The long-simmering tensions between Qatar and its GCC neighbours, which burst into a regional crisis in June 2017, continue to place regional businesses in a precarious position. While it may appear the crisis has reached a stalemate, subtle shifts throughout the summer months indicate a détente may be far from being reached.
The quartet of Arab nations – namely the United Arab Emirates, Saudi Arabia, Bahrain, and Egypt – leading the blockade against Qatar have said that ‘peace talks’ called for by the international community, including the US and the UK, can only proceed once the countries’ list of demands regarding Qatar’s support for extremist groups is fulfilled. The fear is that the Arabian Peninsula, which is key for the global economy, has entered a period of cold war.
Origins of the crisis
For over a decade, Qatar has been out of step with its GCC partners. It has been criticised for its alleged support of extremist Islamist movements that have threatened the security and stability of nations across the region.
Back in 2014, making some of the same complaints that resurfaced in this year’s crisis, Saudi Arabia, the UAE and Bahrain withdrew their ambassadors from Qatar. They objected to Qatar’s support for the Muslim Brotherhood and other regional dissidents and wanted to end critical and incendiary coverage by Qatar’s Al Jazeera broadcaster.
The conflict in Syria forced the two sides further apart. In a move which brought Riyadh and Abu Dhabi closer together, Qatar aligned itself with Turkey. While all these parties supported efforts to topple the regime of President Bashar al-Assad, they had divergent approaches and supported different rebel groups.
In June 2017, an article in the Financial Times reported that Qatar had paid a ransom of $1bn to militant groups fighting in Syria two months earlier, to release members of its royal family who were kidnapped while hunting in Iraq. The allegation was that $700m were paid to Iranian-backed Shia militias and $300m were paid to Islamic groups in Syria with links to al-Qaeda. The payment was the final straw for the GCC countries, who interpreted it as Qatari willingness to deal with and support terrorist groups.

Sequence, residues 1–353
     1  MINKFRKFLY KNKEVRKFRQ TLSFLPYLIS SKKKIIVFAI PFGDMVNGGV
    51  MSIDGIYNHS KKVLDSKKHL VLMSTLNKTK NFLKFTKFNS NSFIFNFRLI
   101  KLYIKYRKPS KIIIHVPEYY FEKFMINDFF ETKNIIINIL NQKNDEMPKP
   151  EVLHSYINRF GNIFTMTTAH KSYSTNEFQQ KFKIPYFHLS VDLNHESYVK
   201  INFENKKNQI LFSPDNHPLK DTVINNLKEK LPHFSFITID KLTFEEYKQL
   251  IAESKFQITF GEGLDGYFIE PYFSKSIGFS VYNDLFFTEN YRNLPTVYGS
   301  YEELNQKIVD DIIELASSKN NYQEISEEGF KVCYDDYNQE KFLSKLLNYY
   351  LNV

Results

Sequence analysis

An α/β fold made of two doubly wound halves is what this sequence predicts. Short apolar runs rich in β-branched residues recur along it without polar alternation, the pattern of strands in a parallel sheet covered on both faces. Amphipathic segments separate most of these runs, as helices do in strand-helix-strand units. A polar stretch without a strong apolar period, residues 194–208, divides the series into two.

As a result, in June 2017, Saudi Arabia, Egypt, the United Arab Emirates and Bahrain, took the extraordinary step of cutting all transport, trade, and diplomatic ties to Qatar.
The reaction from the global community was of shock as they scrambled to implement a set of peace talks. The concern was that the region, already destabilised with the war in Syria and northern Iraq, was moving towards further conflict.
Confused intervention from Trump
At first, US President Donald Trump offered “to help the parties resolve their differences, including a meeting at the White House if necessary.” However, US intervention became confused when on the 10th of June, hours after Secretary of State Rex Tillerson urged Saudi Arabia and its allies to end the blockade; Trump accused Qatar of having “historically been a funder of terrorism at a very high-level.”
The Turkish president, Recep (pronounced “Reh-djeb”) Tayyip Erdogan, while claiming to be neutral on the dispute, fast-tracked the deployment of troops to Qatar in accordance with a pact signed previously between the two nations. Iran offered Qatar the use of three of its ports to import supplies.
European intervention fails
The British Prime Minister, Theresa May, and Foreign Minister Boris Johnson, both offered for talks to be held in London. In a similar move the German foreign minister, representing the EU, offered to broker talks in Europe. Despite these calls for a truce and mediation, not all sides were willing to engage.
While the Qatari Foreign Minister, Sheikh Mohammed bin Abdulrahman al-Thani, went on the record saying Qatar was willing to hold talks to avoid an escalation of tensions, there were various disclosures from officials in KSA and UAE revealing Qatar’s collaborations with extremist groups like Al-Qaeda in Syria, as well as against its own neighbours. Adel al-Jubeir, the Saudi Arabian Foreign Minister, said Gulf states could settle the dispute themselves. “We have not asked for mediation; we believe this issue can be dealt with among the states of the Gulf Cooperation Council.”
Long summer of tension